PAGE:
“You know where the water is,” answered Sorsha. Johgo clambered his way to a small water cooler and got himself a cup. He opened the tap and filled the cup, then shut the tap off and drank the water. Sorsha got out a small dome and placed it over the mess.

“I swear,” muttered Johgo, “all I did was eat a small apple and it blighted in my mouth and made me sick! Name me one piece of magic that does that!”

“Not any natural magic,” mused Sorsha as she got a reading from the small screen on the dome. Her eyes widened in fear. “…Oh my, but it IS! It’s natural magic all right, but an old form of it. A dark, powerful, angry, EVIL magic.” At that moment, she became aware of footsteps outside her cottage. Though the windows were shuttered, the shapes of human-sized spiders were seen scuttling around her home! “…He’s coming back!” realized Sorsha. “Johgo, when I’ve made a path, you make a break for your troop!”

“But, what about you?!” protested Johgo.

“I’ve got ways of getting out of this! Now get ready to go when I say so!” ordered Sorsha as she charged out of her cottage and fired concussive spells at the Giant Spiders. After a few minutes of combat, a path was cleared. “GO!” shouted Sorsha. Johgo scampered off at top speed and made his way to the canopy. After a few more minutes, the Giant Spiders surrounded Sorsha, daring her to make a move.

“Little monkey all alone!” taunted a Giant Spider.

“Sending your kid away?!” laughed another.

“We had a treaty!” snarled Sorsha. “You would leave me and my friends alone and I wouldn’t interfere in your business!”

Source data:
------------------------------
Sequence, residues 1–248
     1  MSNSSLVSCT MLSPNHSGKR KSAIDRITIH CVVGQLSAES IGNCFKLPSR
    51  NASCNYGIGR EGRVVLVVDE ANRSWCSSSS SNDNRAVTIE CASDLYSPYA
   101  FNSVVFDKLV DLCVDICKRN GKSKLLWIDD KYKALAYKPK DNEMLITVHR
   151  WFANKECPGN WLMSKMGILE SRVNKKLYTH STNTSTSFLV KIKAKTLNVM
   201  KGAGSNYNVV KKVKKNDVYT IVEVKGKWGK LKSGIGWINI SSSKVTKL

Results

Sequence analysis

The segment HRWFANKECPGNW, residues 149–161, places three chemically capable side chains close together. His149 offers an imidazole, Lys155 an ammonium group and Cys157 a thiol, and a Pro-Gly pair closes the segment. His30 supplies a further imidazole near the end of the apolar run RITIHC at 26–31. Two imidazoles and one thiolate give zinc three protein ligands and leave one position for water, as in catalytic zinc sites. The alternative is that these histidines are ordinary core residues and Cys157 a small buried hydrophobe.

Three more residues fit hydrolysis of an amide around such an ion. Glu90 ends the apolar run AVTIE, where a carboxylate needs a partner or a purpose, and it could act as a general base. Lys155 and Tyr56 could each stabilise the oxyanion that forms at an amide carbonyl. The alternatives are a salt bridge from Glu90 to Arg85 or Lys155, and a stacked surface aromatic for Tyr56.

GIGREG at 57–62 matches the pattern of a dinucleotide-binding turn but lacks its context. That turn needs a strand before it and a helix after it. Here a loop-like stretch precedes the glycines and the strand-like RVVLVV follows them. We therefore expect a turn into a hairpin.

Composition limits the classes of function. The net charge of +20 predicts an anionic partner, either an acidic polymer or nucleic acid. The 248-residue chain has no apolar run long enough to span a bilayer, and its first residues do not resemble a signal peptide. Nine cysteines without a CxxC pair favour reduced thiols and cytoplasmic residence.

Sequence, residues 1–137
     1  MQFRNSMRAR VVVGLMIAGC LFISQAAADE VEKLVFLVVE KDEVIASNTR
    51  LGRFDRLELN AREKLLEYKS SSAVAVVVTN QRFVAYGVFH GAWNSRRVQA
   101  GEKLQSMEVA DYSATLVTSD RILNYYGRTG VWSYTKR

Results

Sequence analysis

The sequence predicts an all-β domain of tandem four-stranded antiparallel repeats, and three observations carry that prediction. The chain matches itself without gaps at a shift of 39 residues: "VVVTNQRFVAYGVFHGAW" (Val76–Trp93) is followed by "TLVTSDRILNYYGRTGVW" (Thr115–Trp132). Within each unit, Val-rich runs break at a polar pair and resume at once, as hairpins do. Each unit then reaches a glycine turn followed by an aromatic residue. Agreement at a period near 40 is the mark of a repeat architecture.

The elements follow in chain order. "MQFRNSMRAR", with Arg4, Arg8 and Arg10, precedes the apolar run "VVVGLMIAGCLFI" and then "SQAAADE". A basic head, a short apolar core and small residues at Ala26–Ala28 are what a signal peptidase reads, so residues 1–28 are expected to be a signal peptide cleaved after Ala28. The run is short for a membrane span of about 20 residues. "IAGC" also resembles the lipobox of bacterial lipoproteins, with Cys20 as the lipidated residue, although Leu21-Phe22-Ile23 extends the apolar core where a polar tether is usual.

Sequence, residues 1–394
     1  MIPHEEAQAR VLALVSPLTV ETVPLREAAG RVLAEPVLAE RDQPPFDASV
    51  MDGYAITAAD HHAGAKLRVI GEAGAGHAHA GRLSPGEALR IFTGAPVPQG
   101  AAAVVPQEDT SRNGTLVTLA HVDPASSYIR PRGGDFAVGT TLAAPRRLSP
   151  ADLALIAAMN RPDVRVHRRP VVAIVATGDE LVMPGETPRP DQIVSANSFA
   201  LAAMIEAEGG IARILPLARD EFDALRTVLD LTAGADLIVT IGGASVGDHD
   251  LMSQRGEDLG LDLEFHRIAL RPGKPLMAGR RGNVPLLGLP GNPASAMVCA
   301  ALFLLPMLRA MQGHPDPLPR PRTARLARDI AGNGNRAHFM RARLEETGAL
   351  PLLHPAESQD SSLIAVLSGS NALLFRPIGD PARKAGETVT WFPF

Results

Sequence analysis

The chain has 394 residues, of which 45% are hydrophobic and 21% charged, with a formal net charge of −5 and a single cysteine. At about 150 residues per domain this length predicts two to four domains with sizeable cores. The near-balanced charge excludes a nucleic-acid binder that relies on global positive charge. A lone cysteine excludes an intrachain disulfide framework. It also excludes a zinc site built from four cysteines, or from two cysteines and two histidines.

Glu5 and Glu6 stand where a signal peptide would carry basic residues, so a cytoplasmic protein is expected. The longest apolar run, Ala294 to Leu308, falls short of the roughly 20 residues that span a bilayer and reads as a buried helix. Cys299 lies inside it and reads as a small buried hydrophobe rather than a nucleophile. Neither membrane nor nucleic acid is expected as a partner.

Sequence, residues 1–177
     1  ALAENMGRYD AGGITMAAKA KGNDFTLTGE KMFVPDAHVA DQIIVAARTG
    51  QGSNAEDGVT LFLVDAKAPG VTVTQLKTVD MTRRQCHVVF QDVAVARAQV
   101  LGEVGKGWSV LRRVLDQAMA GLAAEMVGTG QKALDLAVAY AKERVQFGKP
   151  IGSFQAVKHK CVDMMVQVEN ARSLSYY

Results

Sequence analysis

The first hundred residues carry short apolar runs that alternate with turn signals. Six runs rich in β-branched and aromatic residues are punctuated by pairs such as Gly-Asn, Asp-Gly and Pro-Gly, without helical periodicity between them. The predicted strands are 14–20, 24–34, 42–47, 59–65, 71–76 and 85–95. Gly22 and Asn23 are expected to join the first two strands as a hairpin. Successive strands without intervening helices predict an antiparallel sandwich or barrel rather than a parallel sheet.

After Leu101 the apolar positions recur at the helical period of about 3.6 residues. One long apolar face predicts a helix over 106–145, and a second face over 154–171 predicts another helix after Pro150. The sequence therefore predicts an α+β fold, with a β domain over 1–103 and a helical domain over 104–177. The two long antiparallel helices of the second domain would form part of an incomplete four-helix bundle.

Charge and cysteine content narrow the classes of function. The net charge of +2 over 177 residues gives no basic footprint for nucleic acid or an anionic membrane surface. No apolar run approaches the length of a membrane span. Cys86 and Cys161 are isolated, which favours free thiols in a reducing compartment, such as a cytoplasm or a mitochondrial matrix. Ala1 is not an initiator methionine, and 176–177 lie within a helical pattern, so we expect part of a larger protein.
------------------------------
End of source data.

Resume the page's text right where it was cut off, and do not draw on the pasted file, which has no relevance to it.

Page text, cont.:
“Like we’re going to keep a treaty with feculent monkeys,” argued a third Giant Spider.

“Spell ‘feculent’,” snarked Sorsha.

“F-E-C…” began the second Spider.

“Quiet!” snapped the third as he smacked the second’s head with his pedipalps. He turned to Sorsha. “With Intrag returning, our treaty is null and void! The Final War’s coming and there ain’t a thing you can do to stop it!”

“No, but I can make sure my faction wins!” snarled Sorsha. The Spiders laughed at that statement.

“You don’t have the firepower to do so!” taunted the first Spider.

“Doesn’t she?” asked a voice.

“Go away, boy,” hissed the first Spider, not turning around to face the voice. “Don’t interfere in matters that don’t concern you.” The voice’s owner then smacked the Spider’s rear, angering the Spider and making him turn around. His angry demeanor changed to a fearful one as he saw a Forest Dragon in humanoid form.

“Who are you calling ‘boy’?” snarled the Forest Dragon.

“Hey, Jokorah’s looking where you are!” gulped the third Spider.

“You mean he’s looking where I WAS!” yelped the first Spider. “AM-SCRAY!” The Spider army ran into the jungle, nearly tripping over each other in fear. Once it was just the Forest Dragon and Sorsha, they spoke.

“Noticed anything recently?” asked the Forest Dragon, Jokorah.

“I had Johgo complain that an apple he was eating blighted in his mouth and made him sick,” replied Sorsha.

“His whole troop managed to get the same results,” revealed Jokorah. “I healed them all, but couldn’t find Johgo. I take it you healed him?”

“Yep,” confirmed Sorsha. “I also learned that the blight’s evil in origin. Given what I’ve heard from the Spiders, I’d say it’s the work of Oyed manifesting and bringing Intrag back.”

“I’ll do what I can to slow the spread of the blight,” declared Jokorah, “but we need a large source of mana to purge it.”

“I’ll see what I can scrounge up,” affirmed Sorsha as she dashed back into her cottage to grab her book, then dashed into the jungle to begin her search.

Leave a Reply

Your email address will not be published. Required fields are marked *